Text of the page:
There’s an old meme that gets circulated on LinkedIn and other sites, reporting a conversation between a CEO and a CFO:
CFO: What happens if we spend all this money training our employees and they leave?
CEO: What happens if we don’t, and they stay?
The idea, of course, is that organizations can’t afford not to train their employees.
But where’s the proof? What does a training program really accomplish in terms of productivity? Employee loyalty? The bottom line?
Thoughtful decision-makers are often reluctant to back full-fledged training programs for their teams without hard evidence of value. Workplace learning and development specialist Clive Shepherd reports that the slogan "people are our greatest asset" has become something of a clichÃ©. Although widely recognized, "the effort [businesses] put into developing this ’human capital’ continues to be seen as an expense and not as an investment."
It’s time for that perspective to change. Organizations would do well to analyze their training programs as capital investments, using techniques such as ROI measurement. Then senior management can see the value of training in recognizable, actionable terms.
How Does 353% ROI Sound?
As illustration, a study by professional services company Accenture showed that for every dollar invested in training, companies received $4.53 in return. That’s a 353% ROI.
Likewise, online learning consultancy True Focus Media reports that companies utilizing e-learning tools "have the potential to boost productivity by 50%. For every $1 the company spends, it’s estimated they can receive $30 worth of productivity." On the negative side, True Focus found that nearly 25% of employees leave their jobs because of inadequatetraining and development opportunities.
How are such figures calculated? The formula for calculating training ROI is pretty widely known: % ROI = (benefits Ã· costs) x 100. But it can be a daunting task to pin down all the variables and metrics involved in a training program. Northern Michigan University training and development educator Leigh Dudley has developed a five-step approach for attaining the data for calculation:
- Collect post-training data: Collection can be done through knowledge questionnaires, performance metrics, employee feedback, assessment of new information and skills employees are using on the job, increased speed and quality, and supervisors’ observations. If it is not feasible to do all of these, begin with a few. The important things is to quantify the effects of your training as much as possible.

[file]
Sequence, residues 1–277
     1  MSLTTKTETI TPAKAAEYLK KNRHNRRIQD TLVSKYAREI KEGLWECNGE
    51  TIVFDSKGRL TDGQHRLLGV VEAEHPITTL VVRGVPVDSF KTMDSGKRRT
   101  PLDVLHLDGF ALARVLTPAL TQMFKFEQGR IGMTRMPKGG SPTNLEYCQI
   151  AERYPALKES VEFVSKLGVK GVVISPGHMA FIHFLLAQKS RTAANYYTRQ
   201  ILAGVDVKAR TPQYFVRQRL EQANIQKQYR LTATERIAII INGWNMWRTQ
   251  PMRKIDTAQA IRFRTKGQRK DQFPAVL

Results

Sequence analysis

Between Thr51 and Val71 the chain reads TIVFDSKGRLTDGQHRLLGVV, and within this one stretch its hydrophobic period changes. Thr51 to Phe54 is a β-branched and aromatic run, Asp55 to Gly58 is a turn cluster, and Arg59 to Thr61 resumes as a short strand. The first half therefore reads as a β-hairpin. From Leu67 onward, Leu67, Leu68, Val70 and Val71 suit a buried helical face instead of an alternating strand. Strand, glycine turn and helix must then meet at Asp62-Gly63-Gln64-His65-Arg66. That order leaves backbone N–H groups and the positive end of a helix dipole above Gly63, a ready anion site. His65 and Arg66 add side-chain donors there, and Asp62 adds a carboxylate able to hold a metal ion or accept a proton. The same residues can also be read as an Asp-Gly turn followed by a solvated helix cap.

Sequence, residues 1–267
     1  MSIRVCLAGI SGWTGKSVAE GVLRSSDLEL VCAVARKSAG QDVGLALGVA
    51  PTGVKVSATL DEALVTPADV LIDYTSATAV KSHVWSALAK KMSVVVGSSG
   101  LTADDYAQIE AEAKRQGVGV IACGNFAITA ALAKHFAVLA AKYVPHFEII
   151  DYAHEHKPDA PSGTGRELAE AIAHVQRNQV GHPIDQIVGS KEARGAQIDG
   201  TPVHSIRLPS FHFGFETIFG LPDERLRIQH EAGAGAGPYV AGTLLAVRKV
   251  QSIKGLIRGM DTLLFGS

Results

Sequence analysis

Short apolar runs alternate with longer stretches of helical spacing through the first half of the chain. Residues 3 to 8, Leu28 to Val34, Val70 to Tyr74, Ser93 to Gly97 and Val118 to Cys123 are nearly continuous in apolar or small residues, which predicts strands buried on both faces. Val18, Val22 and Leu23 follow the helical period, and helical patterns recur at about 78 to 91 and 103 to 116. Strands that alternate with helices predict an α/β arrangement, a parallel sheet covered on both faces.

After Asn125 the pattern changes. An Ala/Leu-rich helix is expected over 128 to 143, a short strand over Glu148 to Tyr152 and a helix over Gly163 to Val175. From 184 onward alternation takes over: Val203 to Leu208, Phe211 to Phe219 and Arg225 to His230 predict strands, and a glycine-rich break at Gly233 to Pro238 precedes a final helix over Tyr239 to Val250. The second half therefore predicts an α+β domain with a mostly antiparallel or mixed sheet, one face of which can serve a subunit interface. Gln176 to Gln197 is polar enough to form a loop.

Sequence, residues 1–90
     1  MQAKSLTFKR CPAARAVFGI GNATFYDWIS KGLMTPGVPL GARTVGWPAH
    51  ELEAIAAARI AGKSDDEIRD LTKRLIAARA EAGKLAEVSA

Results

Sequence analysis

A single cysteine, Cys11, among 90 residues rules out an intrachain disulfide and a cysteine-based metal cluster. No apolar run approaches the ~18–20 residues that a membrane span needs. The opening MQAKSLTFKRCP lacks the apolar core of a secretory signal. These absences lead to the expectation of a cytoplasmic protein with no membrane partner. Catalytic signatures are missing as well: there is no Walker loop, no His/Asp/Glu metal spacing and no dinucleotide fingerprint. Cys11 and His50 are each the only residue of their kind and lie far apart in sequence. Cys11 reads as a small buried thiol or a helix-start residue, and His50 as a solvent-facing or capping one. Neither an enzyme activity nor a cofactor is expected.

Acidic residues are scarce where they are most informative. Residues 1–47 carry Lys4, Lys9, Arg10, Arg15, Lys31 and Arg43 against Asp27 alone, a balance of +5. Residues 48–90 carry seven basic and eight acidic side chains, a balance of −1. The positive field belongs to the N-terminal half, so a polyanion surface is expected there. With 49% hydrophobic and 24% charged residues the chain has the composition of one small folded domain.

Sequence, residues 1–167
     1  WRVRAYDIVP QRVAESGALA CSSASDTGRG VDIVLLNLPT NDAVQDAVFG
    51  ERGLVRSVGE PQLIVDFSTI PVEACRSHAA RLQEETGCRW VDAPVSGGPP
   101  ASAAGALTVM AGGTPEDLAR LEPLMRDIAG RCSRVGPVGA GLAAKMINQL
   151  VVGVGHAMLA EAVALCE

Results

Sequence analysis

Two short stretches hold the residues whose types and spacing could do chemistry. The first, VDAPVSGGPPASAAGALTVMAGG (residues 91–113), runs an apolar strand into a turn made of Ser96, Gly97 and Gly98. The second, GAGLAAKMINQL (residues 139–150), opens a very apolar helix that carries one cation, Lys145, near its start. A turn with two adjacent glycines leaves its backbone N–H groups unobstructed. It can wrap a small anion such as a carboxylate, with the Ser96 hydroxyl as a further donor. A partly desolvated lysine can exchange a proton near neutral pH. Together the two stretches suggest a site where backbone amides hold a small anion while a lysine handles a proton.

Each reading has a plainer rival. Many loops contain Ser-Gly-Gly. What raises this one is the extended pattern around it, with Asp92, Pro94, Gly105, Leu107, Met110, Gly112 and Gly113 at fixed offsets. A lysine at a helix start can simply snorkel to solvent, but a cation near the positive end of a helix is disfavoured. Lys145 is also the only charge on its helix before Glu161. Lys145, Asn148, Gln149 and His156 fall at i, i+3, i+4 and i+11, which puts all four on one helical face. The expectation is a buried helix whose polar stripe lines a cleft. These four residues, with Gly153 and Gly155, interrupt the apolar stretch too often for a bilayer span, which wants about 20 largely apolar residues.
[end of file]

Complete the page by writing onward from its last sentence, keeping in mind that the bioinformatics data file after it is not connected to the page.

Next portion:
- Isolate the effects of training: This essential step determines the amount of output directly related to the training program. You can do this by comparing pre-training and post-training performance, or comparing trained with untrained groups. Realistically pinpointing causes of improvement will up both the accuracy and credibility of the ROI calculations.
- Convert data to monetary values: The ideal approach to this step is converting output data to profit contribution or cost savings using historical costs, payroll and benefits, quality expenses, and supervisors’ and senior managers’ assessments of improvement. This step is critical to determining the training program’s fiscal benefits, and yet it can be especially challenging because of the need to convert soft data to hard figures.
- Tabulate program costs: This step involves monitoring and tracking all of the related costs of the program targeted for the ROI calculation, including expense to design and develop the program; cost of all program materials provided to each employee; all fees for the program coordinator and instructors; cost of facilities for the program (including electronics); expenses for travel, accommodations, and meals; employee salaries for the training time; and costs for needs assessment and evaluation.
- Calculate the ROI: Now calculating that ROI is the easy part! Using the program benefits and costs collected and quantified in the first four steps, calculate your training program’s ROI as follows:
% ROI = net benefits Ã· program costs x 100.
When you have an ROI calculation like this in hand, you will not only be speaking the language of that doubtful CFO, you’ll be able to make a hard case for you favored trainings programs and win support for larger budgets.
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